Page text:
It started, as many great things do, by accident. Our 7-year-old was telling a story at dinner. The words left her mouth before they'd been fully processed by her brain. "And then she said, 'Teally, Raylor...'" She meant, "Really, Taylor." We liked the way that sounded.
"Raylor?" I said. "That's a great name."
Taylor didn't want to be Raylor. "If you call me Raylor, I'm calling you Rama." Her father spoke up. "Rine. If roo rall her Rama, I'll rall your rister Rinnie."
By now we were on the floor. On the roor, rather. In rysterics. Reside ourselves with raughter. It was extremely runny.
I tell you about the R language because nuttiness within families is good and natural and because the R language is the smartest nutty thing we've ever done. Usually when we're nutty it doesn't bear talking about. We sit on each other's heads and pretend we think they're throw pillows. We dance with the dog. We speak in fake French accents. Once in a while Raddy impersonates a bird dog. Or a warthog.
We haven't yet had a good laugh about eating an entire meal with our fingers. But I'm not saying it couldn't happen.
It couldn't have happened five years ago, when our kids ate with their fingers as a matter of course. They wouldn't have gotten the joke. That's because humor begins with incongruity: a deviation from what we know. The dog that moos, the cow that barks. "Even toddlers have learned to categorize animals and animal sounds. If a cow goes, 'Woof,' they laugh," says Amelia Klein, an education professor at Wheelock College and an expert in children's humor. They're laughing at incongruity. But why?
Susan Stewart reviews television shows for TV Guide.
The Meaning of Mirth
In ancient times, before knock-knock jokes and sitcoms, laughter probably wasn't about entertainment; it was likely about survival. Imagine a hunter-gatherer who's come across an incongruous sight: say, a woolly cow. Once the hunter-gatherer determines this woolly cow isn't an angry woolly mammoth ready to charge, he would laugh, signaling his relief and indicating that his tribe was safe and also that burgers would be on the house that night.
Okay, that bit about burgers being on the house was a joke. Specifically, it was an anachronism, an incongruity of time. If you laughed at my little joke, you recognized and connected with my humor, which gives me a kind of social status and encourages me to tell more jokes, which I'll do as long as you keep laughing.
But maybe you didn't laugh, because humor and nuttiness are subjective. What we find funny, silly, or merely tedious depends to some extent on our intelligence level and stage of cognitive development.
For instance, a baby laughs when his mother makes a funny face—her incongruous expression momentarily alarms him, and laughter expresses his relief: That face that looked so strange is familiar after all! While a toddler may laugh at a barking cow, a more sophisticated 9-year-old may not. She, adept at observing the rules and order of school, might be more likely to crack up at slapstick, when things are comically out of control.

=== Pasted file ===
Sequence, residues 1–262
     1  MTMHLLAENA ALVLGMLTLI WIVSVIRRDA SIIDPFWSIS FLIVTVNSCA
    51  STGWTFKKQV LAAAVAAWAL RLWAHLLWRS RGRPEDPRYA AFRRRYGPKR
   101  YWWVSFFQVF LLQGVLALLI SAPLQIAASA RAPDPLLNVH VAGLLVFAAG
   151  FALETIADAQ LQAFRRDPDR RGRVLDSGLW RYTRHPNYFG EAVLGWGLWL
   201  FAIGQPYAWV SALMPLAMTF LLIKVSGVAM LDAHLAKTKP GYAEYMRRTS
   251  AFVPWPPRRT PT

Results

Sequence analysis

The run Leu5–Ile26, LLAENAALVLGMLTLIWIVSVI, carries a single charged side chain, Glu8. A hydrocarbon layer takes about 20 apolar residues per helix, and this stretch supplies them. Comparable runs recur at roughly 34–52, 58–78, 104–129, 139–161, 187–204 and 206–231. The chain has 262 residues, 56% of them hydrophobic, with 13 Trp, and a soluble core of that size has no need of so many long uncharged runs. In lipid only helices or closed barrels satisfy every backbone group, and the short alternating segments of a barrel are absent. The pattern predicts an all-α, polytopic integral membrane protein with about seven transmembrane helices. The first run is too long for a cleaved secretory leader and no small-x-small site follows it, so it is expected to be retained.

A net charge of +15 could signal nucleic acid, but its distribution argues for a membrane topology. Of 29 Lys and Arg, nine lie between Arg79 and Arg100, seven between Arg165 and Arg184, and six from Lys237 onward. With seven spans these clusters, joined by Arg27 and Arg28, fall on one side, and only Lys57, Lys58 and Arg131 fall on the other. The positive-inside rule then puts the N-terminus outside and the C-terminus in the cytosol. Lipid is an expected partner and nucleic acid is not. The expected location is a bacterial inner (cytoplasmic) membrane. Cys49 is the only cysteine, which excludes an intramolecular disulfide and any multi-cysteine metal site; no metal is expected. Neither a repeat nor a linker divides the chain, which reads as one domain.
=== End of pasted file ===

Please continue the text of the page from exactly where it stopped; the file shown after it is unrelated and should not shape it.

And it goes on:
Learning Through Laughter
Joel Preston Smith, of Portland, OR, plays "silly sentences" with his 8-year-old son, Dylan—and is also building Dylan's vocabulary. "I learned that it's a fun way to teach him to read," says Smith.
So they put together words cut from the newspaper, creating "Imagine Dad was cat color" and "Ginger gets chicken wisdom." Those sentences, as incongruous to Dylan as a mooing dog is to a toddler, reinforce the words he already knows and help him identify those he doesn't.
Humor can also be a helpful distraction. My daughter's third-grade teacher used his pointer as a cane. He'd do a little soft-shoe, then a little long division. Mr. Swansey's students, delighted by his dancing, forgot they didn't like math. Silliness propped open their brains to let the tough stuff in.
When not talking about incongruity, humor theorists talk about superiority. The superiority theory maintains that when we laugh, we set ourselves above what we're laughing at and feel good about ourselves. Think of Harry, the mewling alien nerd on the sitcom 3rd Rock From the Sun. Harry is one of a long tradition of dorks who exist to show us how not to behave.
When we're being silly with our family, are we, like Harry, showing our kids how not to behave? Sometimes, says Joel Milgram, Ph.D., professor of education and human development at the University of Cincinnati. By demonstrating how not to act, you're actually reinforcing positive, acceptable behavior.
Play Together, Stay Together
When my family acts dorky, or uses the R language, it's as if we have a private code. We're never closer than when we're being ridiculous. That's partly because when we're silly, we're all acting on the same level, all sharing and appreciating the same idea. Also, our nuttiness embodies an enormous incongruity: Mom and Dad acting like...kids!
Some families even have private codes that began as jokes and evolved into something, well, funnier—at least to that particular family. A case in point is "ecapowa ewa eat eat dedeet eat de deet." "It's a mealtime chant accompanied by fork tapping," says Fred Newman, a 44-year-old father of two in New York City. "Somebody starts it, and then everybody slowly joins in, and it gets faster and louder and then it's over. Then we just continue the conversation as if nothing ever happened." Nothing except a few moments of closeness and a hearty strengthening of the family bond.
Those moments are why family goofiness is so delicious—peanuts on the sundae of life. Or, rather, reanuts on the rundae of rife.